Rabat - The Moroccan government has warned representatives in the country’s financial and business sectors against trade with Iran.
Rabat – The Moroccan government has warned representatives in the country’s financial and business sectors against trade with Iran.
In a letter to the Consortium of Moroccan Banks (GPBM), Morocco’s minister of foreign affairs, Nasser Bourita, instructed the kingdom’s banks to “take all necessary measures” to avoid the political repercussions that may result from trading with Iran, L’Economiste reported on August 9.
The Ministry of Foreign Affairs warned Moroccan banking and financial conglomerates against engaging in trade with Iran, including transactions or deals in the automobile and aviation sectors, the purchase of raw materials, and the acquisition of Iranian carpets.
The instruction, in line with Washington’s policy, also targets all financial transactions between Moroccan firms and their Iranian counterparts.
On Tuesday, August 7, a US-imposed blanket of economic sanctions hit the Iranian regime. The punitive measures, a follow-up to the US decision in early May to withdraw from the 2015 Iran nuclear deal, restrict Iranian access to US currency, gold, and other precious materials. The US will also sanction companies in third countries, such as Morocco, from trading both with Iran and the US.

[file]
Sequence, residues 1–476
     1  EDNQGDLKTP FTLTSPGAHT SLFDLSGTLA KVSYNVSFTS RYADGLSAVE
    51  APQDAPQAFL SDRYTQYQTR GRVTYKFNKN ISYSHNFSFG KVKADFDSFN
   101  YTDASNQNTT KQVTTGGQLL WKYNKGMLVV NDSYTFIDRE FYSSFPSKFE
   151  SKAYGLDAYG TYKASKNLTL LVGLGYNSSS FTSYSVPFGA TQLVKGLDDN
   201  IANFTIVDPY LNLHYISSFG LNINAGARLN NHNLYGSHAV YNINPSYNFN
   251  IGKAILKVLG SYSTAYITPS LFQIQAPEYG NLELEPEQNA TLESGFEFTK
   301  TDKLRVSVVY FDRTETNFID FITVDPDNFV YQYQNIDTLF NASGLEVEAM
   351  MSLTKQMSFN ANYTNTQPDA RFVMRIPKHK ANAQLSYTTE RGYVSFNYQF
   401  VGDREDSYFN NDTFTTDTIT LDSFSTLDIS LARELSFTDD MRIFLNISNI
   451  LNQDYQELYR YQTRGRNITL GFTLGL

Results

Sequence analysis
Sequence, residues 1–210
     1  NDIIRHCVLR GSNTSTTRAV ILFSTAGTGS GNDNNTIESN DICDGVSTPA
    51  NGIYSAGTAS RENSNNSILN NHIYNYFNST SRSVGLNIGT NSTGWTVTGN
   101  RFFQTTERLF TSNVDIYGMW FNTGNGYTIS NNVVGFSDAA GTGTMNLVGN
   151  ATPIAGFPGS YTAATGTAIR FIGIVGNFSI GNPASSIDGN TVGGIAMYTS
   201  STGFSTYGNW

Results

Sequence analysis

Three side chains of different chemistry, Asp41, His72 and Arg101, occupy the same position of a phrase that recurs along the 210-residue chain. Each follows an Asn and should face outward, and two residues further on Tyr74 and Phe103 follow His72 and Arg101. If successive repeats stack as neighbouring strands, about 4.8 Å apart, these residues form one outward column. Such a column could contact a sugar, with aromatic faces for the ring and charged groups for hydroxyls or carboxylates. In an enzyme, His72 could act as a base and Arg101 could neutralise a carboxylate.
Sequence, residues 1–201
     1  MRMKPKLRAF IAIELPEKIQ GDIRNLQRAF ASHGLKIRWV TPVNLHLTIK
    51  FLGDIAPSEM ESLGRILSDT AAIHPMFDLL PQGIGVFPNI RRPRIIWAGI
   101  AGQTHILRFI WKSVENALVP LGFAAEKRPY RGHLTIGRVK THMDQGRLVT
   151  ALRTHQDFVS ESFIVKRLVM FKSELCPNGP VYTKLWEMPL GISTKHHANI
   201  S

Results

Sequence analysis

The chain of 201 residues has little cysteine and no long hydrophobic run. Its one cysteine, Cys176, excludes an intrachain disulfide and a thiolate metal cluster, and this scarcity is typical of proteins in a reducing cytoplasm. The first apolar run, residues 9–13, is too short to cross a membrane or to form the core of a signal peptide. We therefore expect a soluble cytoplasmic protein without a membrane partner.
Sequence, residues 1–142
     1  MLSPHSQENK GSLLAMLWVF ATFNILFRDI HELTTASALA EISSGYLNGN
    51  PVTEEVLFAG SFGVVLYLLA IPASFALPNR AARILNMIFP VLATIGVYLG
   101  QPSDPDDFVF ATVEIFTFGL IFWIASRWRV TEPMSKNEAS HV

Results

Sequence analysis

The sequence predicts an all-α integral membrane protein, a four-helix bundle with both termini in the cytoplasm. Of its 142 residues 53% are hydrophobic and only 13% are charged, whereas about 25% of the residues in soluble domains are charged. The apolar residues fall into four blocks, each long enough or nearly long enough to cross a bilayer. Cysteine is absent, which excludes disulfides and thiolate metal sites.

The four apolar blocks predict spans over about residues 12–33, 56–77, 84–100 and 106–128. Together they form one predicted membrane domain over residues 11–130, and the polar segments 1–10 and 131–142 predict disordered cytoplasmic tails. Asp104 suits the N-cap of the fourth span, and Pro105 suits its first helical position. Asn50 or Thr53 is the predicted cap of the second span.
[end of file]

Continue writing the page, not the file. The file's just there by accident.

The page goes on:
The sanctions also concern Tehran’s automobile and aviation sector, with tougher sanctions—especially an embargo on Iran’s oil and banking sectors—to follow by November 4 should the Islamic Republic fail to accommodate President Trump’s terms on “WORLD PEACE.”
President Trump warned US partners and the rest of the international community against trading with Iran. “Anyone doing business with Iran will NOT be doing business with the United States. I am asking for WORLD PEACE, nothing less!” Trump tweeted.
In addition to avoiding economic and political backlash from the US, however, Morocco’s move to halt trade with Iran comes amid months of sour bilateral terms between Tehran and Rabat.
While Washington was busy exiting the Iran nuclear deal in early May, Rabat had its own issues with the Islamic Republic. On May 1, the kingdom severed diplomatic ties with Tehran over the latter’s support for the Polisario Front, the separatist group advocating for independence in Western Sahara.